Khalifa Port to open new opportunities for trade

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Khalifa Port to open new opportunities for trade

Abu Dhabi’s Khalifa Port, which is region’s first semi-automated container terminal, is preparing for its grand opening on September 1, bringing new opportunities for the oil-rich emirate.

By Haseeb Haider

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Published: Tue 21 Aug 2012, 10:43 PM

Last updated: Tue 7 Apr 2015, 2:34 PM

The new port would welcome the world’s jumbo vessels with a length of upto 400 metres and a draft of 16 metres to drop their anchors, which was not possible at Mina Zayed.

“The operations of the new container terminal will officially commence on September 1,” Martijn Van de Linde, chief executive officer of Abu Dhabi Terminals, said in an interview.

Khalifa Port will be the UAE’s first port with direct access to the Etihad Rail network when it opens in 2015-16. — Supplied photo

The transition from Mina Zayed would be completed in six months, the chief executive said.

“The opening means the infrastructure for the first phase of the megaproject will be officially completed,” the terminal operator said in an interview with Khaleej Times.

“We will offer the shipping lines, importers and exporters and not least the trucking companies vastly improved service levels of true world-class standard,” he said.

The chief executive of ADT said that the container terminal at Port Zayed, which served Abu Dhabi for the past four decades, would be de-commissioned in the first quarter of next year.

However, the general cargo including steel, flour, fruit and vegetable would continue to be handled at the port for at least for a number of years to come. Also the oil mill and the flour mill which are located on the port premises would continue to operate in Mina Zayed. Once the container business transition is complete, some facilities in Mina Zayed would be turned into a cruise terminal, to support the increasing tourist arrivals on cruise liners.

Served by six of the world’s largest ship-to-shore cranes from the outset, it will also be the first port in the region connected to Etihad Rail freight from 2015-16.

In the last four years, he said Abu Dhabi’s industrial diversification has created export cargoes bringing business for the port.

“The export cargo handling in our port has increased 20 per cent in the past two years,” he said.

The chief executive is confident that his port “will have enough business to handle in the coming years, since project pipeline in Abu Dhabi is not going to dry down.” The expansion into oil and gas and infrastructure projects which used imported material would continue for several years to come, he said.

Despite global economic crisis, the terminal is busy due to Abu Dhabi’s economic resilience. In the January-July period the Mina Zayed handled 409,877 TEUs against 408,000 in the same period last year.

In 2011, the terminal handled 47 per cent more cargoes to 767,713 TEUs against 521,156 TEUs in 2010, showing a strong recovery in the economy after the global financial crunch slowed down business activities.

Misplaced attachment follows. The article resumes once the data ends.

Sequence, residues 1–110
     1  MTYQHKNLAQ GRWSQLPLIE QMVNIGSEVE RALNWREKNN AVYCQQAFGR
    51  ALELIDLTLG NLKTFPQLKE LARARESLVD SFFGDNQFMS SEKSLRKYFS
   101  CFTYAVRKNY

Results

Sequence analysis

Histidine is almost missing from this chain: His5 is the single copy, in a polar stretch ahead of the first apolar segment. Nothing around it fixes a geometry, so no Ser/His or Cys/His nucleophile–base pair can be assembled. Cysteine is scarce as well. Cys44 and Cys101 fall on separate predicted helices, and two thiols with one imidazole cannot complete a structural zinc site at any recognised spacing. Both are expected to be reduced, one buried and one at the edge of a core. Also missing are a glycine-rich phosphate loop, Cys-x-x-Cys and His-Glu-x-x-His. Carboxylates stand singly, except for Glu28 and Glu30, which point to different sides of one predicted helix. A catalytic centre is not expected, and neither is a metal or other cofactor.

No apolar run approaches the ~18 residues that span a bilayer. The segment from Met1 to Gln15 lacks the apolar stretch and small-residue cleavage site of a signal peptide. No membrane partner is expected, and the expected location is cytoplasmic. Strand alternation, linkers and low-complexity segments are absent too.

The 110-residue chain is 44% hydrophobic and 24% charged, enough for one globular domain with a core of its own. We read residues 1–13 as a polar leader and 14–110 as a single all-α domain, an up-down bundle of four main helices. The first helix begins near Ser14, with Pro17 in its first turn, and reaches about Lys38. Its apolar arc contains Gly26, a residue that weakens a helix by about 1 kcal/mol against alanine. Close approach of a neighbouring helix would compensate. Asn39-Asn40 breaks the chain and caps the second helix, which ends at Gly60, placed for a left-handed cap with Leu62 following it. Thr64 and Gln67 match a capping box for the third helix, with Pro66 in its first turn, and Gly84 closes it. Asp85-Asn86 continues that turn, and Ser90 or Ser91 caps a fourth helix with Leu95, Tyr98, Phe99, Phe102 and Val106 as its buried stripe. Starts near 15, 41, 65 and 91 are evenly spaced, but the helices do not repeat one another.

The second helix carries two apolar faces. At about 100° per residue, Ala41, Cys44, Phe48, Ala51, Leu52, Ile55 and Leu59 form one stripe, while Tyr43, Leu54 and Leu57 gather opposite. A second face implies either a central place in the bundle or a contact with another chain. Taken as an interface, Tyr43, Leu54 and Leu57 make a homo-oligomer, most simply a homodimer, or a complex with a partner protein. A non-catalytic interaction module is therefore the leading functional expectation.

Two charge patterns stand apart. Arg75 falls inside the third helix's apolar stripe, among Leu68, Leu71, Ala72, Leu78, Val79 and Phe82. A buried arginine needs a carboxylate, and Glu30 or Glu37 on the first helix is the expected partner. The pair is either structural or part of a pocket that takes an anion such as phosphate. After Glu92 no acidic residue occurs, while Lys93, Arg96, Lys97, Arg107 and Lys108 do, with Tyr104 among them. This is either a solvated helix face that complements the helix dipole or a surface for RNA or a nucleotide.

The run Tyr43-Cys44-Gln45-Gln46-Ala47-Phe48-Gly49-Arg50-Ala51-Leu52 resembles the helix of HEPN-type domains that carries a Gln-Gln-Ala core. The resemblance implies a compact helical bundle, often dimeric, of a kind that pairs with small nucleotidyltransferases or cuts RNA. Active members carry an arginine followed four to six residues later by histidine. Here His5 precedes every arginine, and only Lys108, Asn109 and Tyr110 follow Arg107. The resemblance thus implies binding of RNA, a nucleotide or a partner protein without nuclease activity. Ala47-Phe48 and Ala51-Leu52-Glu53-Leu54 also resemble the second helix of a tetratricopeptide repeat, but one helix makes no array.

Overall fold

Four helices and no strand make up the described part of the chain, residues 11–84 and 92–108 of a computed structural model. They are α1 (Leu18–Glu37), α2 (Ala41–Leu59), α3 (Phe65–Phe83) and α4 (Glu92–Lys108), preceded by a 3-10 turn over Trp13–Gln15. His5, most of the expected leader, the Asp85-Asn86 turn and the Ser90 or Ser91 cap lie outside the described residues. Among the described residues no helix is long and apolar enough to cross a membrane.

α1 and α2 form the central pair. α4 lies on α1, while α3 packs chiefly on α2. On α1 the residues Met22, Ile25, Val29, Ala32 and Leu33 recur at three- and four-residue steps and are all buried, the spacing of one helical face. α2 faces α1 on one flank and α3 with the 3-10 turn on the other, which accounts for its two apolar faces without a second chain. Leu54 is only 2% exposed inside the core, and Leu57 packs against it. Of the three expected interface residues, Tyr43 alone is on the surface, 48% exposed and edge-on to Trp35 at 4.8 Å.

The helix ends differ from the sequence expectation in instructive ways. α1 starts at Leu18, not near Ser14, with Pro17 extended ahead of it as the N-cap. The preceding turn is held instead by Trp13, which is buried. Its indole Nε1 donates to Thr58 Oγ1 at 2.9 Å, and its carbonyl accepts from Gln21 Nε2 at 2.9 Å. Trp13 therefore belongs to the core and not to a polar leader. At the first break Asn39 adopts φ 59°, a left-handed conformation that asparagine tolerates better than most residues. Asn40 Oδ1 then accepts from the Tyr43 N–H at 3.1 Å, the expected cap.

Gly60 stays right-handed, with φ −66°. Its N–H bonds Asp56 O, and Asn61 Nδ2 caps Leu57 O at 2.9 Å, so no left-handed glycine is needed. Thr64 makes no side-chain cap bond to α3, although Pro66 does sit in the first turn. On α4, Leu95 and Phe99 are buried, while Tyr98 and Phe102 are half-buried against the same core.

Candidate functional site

Khalifa Port would be the UAE’s first with direct access to the Etihad Rail network when it opens in 2015-16, making the transportation of cargoes easier within the country and to neighbouring countries as the network develops.

Abu Dhabi is building the railway system in stages. In the first stage Shah and Habshan oil installations of Abu Dhabi National Oil Company are being connected.

In the stage one railway line is being constructed on Al Ain and Ghuwaifat on Saudi Arabia border, which will make transportation of cargo to Oman and Saudi Arabia quicker and efficient and open new avenues of regional cargo transportation. Managed and operated by Abu Dhabi Terminals, the new container terminal features advanced automation that increases efficiencies and predictability while limiting variability so the operator, shipping lines, trucking companies and the importers and exporters can further optimise their logistics processes and avoid unnecessary costs.

The infrastructure has been designed to cater for the largest container vessels operating or planned, and includes some of the world’s largest ship-to-shore (STS) cranes, the chief executive said.

In the container yard, unmanned automated stacking cranes ensure each container is always optimally positioned for the fastest possible delivery to either ships for loading or to trucks for delivery to Abu Dhabi’s businesses, he said.

The automation also extends to the landside operations where bookings and the clearing process can be done online in advance, doing away with the time consuming manual processes seen today. Combined with automated systems that use Optical Character Recognition or OCR and RFID (Radio Frequency Identification), this ensures the optimal logistics processes.

The port serves as a dedicated enabler for the Khalifa Industrial Zone Abu Dhabi (Kizad), part of the proposition, and which will be one of the largest industrial zones in the world, offering its tenants easy access to markets, a low-cost operating environment, and ease of doing business.

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